Enlow v. Covidien Inc.

Filing 35

MINUTE ORDER granting 32 Defendants Motion for Leave to File First Amended Answer to Plaintiffs Complaint, by Magistrate Judge Michael J. Watanabe on 3/31/2014.(evana, )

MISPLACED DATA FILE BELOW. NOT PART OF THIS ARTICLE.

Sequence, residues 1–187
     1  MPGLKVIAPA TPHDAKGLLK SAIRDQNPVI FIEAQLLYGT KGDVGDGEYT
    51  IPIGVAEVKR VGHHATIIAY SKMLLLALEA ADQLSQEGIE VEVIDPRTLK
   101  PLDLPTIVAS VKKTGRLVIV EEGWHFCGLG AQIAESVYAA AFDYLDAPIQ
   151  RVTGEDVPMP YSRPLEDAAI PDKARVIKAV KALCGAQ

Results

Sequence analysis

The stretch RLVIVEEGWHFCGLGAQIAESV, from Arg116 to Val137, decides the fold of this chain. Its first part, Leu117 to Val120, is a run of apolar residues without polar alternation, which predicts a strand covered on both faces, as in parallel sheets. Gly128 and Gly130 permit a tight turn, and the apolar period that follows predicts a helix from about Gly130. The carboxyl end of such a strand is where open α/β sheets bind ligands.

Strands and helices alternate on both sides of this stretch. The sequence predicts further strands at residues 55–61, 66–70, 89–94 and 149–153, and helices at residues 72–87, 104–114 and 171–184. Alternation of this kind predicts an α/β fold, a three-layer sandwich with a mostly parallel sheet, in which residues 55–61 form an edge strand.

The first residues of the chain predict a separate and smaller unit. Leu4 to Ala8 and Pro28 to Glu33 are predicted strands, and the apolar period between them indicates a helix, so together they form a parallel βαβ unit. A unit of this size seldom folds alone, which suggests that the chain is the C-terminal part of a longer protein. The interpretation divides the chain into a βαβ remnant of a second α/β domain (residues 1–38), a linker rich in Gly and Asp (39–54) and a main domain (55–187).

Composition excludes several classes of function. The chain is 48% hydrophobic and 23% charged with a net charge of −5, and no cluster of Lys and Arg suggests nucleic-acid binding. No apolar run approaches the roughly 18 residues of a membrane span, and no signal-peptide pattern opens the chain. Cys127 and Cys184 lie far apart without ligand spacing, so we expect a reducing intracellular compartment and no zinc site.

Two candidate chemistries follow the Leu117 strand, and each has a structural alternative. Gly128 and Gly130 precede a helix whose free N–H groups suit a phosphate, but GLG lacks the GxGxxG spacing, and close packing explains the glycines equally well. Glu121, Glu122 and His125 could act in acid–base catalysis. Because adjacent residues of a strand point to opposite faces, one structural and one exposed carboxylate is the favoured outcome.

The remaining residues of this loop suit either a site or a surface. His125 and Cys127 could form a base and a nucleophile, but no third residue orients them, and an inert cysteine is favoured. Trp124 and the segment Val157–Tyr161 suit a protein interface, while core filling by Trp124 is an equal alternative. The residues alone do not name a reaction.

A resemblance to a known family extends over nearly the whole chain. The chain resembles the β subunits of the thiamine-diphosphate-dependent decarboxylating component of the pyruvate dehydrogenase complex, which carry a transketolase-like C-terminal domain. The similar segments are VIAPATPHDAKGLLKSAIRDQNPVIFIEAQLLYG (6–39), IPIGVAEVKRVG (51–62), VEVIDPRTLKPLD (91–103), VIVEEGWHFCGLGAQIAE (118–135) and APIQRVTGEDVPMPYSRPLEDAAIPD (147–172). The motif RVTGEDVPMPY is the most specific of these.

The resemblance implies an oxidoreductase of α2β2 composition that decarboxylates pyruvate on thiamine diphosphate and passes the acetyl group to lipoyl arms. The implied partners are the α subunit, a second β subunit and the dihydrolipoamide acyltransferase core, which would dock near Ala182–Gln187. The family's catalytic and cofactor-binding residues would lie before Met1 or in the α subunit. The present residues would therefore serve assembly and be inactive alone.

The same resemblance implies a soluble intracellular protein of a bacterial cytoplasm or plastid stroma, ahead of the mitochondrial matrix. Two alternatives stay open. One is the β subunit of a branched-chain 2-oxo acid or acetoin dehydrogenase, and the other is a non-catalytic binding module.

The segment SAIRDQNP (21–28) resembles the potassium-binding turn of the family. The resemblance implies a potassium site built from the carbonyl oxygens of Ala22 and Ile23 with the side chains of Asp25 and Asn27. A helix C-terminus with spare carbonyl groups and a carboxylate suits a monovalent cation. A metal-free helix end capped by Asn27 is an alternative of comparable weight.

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IN THE UNITED STATES DISTRICT COURT FOR THE DISTRICT OF COLORADO Civil Action No. 13-cv-01198-WJM-MJW B. ENLOW, Plaintiff(s), v. COVIDIEN LP (formerly Tyco Healthcare Group LP), a Delaware Limited Partnership, Defendant(s). MINUTE ORDER Entered by Magistrate Judge Michael J. Watanabe It is hereby ORDERED that Defendant’s Motion for Leave to File First Amended Answer to Plaintiff’s Complaint (docket no. 32) is GRANTED for the following reasons. The First Amended Answer (docket no. 32-2) is accepted for filing as of the date of this minute order. The subject motion (docket no. 32) is made after the deadline for amendment of pleadings, and thus this court has applied the following analysis in deciding whether to allow the amendments: Where, as here, a motion to amend the pleadings . . . is filed after the scheduling order deadline, a “two-step analysis” is required. Once a scheduling order’s deadline for amendment has passed, a movant must first demonstrate to the court that it has “good cause” for seeking modification of the scheduling deadline under Rule 16(b). If the movant satisfies Rule 16(b)’s “good cause” standard, it must then pass the requirements for amendment under Rule 15(a) . . . . Rule 16(b)’s “good cause” standard is much different than the more lenient standard contained in Rule 15(a). Rule 16(b) does not focus on the bad faith of the movant, or the prejudice to the opposing party. Rather, it focuses on the diligence of the party seeking leave to modify the scheduling order to permit the proposed amendment. Properly construed, “good cause” means that the scheduling deadlines cannot be met despite a party’s diligent efforts. In other words, this court may “modify the schedule on a showing of good cause if [the deadline] cannot be met despite the diligence of the party seeking the extension.” Carelessness is not compatible with a finding of diligence and offers no 2 reason for a grant of relief. Pumpco, Inc. v. Schenker Int’l, Inc., 204 F.R.D. 667, 668 (D. Colo. 2001) (quotations and citations omitted). This court finds that the defendant has satisfied this first step in the analysis and has established good cause to extend the deadline within which it may seek leave to amend the answer. The second step is consideration of whether the defendant has satisfied the standard for amendment of pleadings required under Fed. R. Civ. P. 15(a): Rule 15(a) provides that leave to amend “shall be freely given when justice so requires.” Refusing leave to amend is generally only justified upon a showing of undue delay, undue prejudice to the opposing party, bad faith or dilatory motive, failure to cure deficiencies by amendments previously allowed, or futility of amendment. Id. at 669 (citation omitted). Based upon this standard, and substantially for the reasons stated in the subject motion to amend (docket no. 32), this court finds that the proposed amendments should be permitted. The court notes that no final trial preparation conference and no trial date has been set in this matter, and the final pretrial conference is not set until June 10, 2014, at 9:00 a.m. In the event the parties believe that additional discovery is warranted in light of these amendments, they may move to reopen discovery for a reasonable period and to alter any other deadlines. Id. Thus, any prejudice that might arise from these amendments is capable of being cured. Id. Date: March 31, 2014

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